Page last updated at 22:07 GMT, Thursday, 18 February 2010

Operation Moshtarak: Assault in Helmand province

Map of Operation Moshtarak in Afghanistan


image of Nad Ali

British troops seize explosives cache in Helmand - town just north of Nad Ali


image of Overview

Troops begin their mission


image of civilian deaths


image of marjah commanders visit

Nato commanders visit Marjah amid heavy security


image of marjah

Taliban fighters put up resistance in Marjah


image of nad ali and uk troops

UK troops meet locals to provide reassurance

US, British and Afghan forces have begun a major offensive in Helmand province.

BBC News looks at the offensive and its ultimate target.


Operation Moshtarak, which means "together" in the Dari language, involves more than 15,000 Nato and Afghan troops.

Afghan National Army and police
1 Grenadier Guards Battle Group
1 Royal Welsh Battle Group
Scots Guards
US Marine Corps
Various Isaf-controlled units

The joint offensive in central Helmand involves American, Canadian, British, Danish and Estonian forces.

Nato says Afghan forces have been closely involved in planning, and are playing a central role in the operation.

Led by the US Marine Corps, it is the first major attack since the US sent 30,000 extra troops to the country.

The Marines are leading the main thrust of the offensive, focusing on Marjah, an insurgent and drug-smuggling stronghold, south of Helmand's capital, Lashkar Gah.

In support, British forces are securing nearby Nad Ali district, to the north of Marjah.

The idea is to clear the area of insurgents and allow forces to work with local institutions to bolster reconstruction and provide support for the rule of law.

The difference this time is the nature of the publicity surrounding the push. Troops have been working with tribal elders to prepare the way for the return of Afghan police.

An Afghan girl walks towards unseen US Marines from 1st Battalion, 6th regiment, Charlie company chatting to Afghan farmers living around Huskers camp on the outskirts of Marjah in central Helmand on January 26, 2010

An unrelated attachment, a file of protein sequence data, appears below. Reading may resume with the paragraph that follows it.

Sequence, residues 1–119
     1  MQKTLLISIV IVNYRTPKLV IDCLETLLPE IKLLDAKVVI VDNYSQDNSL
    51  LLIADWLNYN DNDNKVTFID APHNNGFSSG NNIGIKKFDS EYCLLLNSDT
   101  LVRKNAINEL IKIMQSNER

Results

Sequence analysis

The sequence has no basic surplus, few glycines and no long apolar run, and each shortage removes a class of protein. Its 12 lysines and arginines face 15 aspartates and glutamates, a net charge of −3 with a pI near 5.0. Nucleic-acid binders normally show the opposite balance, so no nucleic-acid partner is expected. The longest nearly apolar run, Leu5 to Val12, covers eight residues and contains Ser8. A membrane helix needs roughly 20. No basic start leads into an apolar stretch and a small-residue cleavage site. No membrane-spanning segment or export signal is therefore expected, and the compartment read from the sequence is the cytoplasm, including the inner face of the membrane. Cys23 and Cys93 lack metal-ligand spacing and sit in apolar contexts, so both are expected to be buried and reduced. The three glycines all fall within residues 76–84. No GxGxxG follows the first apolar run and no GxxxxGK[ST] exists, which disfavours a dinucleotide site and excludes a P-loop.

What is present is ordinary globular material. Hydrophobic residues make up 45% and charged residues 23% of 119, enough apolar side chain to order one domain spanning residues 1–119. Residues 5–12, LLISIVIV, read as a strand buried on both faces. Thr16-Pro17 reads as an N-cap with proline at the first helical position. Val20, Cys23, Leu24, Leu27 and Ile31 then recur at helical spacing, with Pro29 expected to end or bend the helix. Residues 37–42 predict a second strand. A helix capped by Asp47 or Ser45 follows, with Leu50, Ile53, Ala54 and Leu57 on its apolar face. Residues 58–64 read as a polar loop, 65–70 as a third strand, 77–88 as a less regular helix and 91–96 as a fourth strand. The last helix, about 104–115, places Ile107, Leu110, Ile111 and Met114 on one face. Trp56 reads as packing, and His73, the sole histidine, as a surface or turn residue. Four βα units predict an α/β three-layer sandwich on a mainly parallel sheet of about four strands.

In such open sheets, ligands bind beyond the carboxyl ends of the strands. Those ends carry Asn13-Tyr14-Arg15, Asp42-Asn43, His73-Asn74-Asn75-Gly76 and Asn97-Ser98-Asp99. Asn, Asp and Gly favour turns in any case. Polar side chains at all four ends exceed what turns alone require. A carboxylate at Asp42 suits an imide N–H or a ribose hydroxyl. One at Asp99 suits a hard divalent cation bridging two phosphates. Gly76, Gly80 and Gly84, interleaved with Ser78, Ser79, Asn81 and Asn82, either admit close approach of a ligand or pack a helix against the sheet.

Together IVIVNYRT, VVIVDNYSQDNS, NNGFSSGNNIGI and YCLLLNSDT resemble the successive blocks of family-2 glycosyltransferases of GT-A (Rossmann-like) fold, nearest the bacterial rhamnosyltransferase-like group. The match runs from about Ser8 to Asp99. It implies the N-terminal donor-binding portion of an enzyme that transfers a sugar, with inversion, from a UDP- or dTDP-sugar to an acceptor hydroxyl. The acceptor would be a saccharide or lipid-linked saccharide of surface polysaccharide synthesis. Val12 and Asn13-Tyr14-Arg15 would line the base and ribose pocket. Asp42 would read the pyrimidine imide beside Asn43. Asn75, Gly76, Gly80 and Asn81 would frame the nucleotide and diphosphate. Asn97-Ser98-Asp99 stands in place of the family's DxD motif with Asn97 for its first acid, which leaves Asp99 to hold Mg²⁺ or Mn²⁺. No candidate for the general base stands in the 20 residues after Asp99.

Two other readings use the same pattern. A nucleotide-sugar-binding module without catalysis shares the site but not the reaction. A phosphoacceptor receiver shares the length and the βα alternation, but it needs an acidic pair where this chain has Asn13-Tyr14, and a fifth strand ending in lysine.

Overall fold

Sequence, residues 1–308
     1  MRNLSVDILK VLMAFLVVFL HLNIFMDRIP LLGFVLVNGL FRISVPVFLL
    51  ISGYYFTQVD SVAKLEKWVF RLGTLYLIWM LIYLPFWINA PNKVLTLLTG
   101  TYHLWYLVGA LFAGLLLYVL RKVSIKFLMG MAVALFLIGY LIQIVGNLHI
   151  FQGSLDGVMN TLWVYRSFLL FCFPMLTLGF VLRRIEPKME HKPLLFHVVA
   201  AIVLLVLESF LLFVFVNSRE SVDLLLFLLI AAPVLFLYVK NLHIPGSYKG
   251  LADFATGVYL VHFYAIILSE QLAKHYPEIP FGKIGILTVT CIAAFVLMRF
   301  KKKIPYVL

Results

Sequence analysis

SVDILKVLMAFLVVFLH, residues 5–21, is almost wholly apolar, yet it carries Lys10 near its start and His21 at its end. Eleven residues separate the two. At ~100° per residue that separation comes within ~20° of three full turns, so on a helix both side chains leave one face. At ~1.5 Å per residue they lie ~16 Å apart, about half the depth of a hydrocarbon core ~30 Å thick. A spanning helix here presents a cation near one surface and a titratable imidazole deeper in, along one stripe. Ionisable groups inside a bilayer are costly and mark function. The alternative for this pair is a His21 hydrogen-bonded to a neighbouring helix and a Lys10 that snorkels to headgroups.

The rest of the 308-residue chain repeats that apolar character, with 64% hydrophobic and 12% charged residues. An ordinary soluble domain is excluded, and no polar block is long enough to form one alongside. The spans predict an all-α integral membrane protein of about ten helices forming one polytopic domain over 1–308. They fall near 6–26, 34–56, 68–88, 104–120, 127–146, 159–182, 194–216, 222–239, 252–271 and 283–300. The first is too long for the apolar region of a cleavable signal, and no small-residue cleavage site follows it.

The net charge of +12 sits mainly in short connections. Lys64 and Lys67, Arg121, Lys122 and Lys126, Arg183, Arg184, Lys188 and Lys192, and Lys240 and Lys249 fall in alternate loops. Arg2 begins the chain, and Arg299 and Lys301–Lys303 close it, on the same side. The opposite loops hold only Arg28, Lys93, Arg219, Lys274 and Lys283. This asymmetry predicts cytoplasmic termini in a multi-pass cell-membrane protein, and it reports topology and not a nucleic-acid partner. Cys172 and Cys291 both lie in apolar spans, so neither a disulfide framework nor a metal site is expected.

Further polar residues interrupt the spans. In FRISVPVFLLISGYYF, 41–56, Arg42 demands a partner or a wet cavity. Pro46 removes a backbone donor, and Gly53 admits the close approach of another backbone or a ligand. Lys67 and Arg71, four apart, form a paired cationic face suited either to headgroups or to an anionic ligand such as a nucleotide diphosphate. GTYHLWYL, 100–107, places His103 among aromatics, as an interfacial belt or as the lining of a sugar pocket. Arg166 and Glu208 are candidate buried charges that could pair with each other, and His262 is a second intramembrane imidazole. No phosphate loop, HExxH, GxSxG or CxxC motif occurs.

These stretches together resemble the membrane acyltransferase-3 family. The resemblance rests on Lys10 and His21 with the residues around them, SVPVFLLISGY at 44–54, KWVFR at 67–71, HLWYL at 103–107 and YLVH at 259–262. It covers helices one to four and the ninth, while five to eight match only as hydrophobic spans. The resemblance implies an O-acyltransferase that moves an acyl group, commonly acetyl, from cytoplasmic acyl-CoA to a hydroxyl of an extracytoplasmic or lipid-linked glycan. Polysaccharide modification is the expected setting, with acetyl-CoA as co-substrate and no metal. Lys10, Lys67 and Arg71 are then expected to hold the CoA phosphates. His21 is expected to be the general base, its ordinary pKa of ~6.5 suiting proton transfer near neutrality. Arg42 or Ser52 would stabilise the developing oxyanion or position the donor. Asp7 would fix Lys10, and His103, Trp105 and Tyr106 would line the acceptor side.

Marjah is a major population centre

Analysts say it epitomises the new "counter-insurgency" approach of US and Nato commander Gen Stanley McChrystal.

Local people were warned about what was to come so they could protect themselves and stay away from fighting.

Troops are operating from Camp Bastion, Camp Leatherneck and also from Kandahar bases.


The US military has for some time signalled that it plans to take on the Taliban in the town and district of Marjah. It has been targeted before.

It lies in the heart of the poppy cultivation belt of southern Afghanistan - the centre of opium production.

It is known as the "green zone" of Helmand - a strip of irrigated land along the main river. It is also known for the volatile insurgency that has bred in the district.

In the 1950s, US development workers built the town to populate the arid desert of southern Afghanistan. They helped to irrigate the area by constructing canals.

A US soldier and Afghan civilians on outskirts of Marjah - 18 February 2010
US marines and Afghan troops are leading the attack on Marjah

But the district has more recently become a haven for hundreds of Taliban fighters and is considered an assembly centre for roadside bombs.

Dubbed a "festering sore" by a senior US Marine commander, Marjah has for a while been regarded as one of the last main insurgent-controlled areas in southern Helmand.

Before the offensive, US officials estimated there were between 400 and 1,000 Taliban - including some foreign fighters - in an area with a civilian population put at about 125,000.

However, not all the Taliban are believed to be diehards, and those paid to fight may just prefer to melt away in the face of superior force, military officials say.

Marjah is about 40km (25 miles) from the strategically significant provincial capital Lashkar Gah, and is one of the largest population centres in Helmand.

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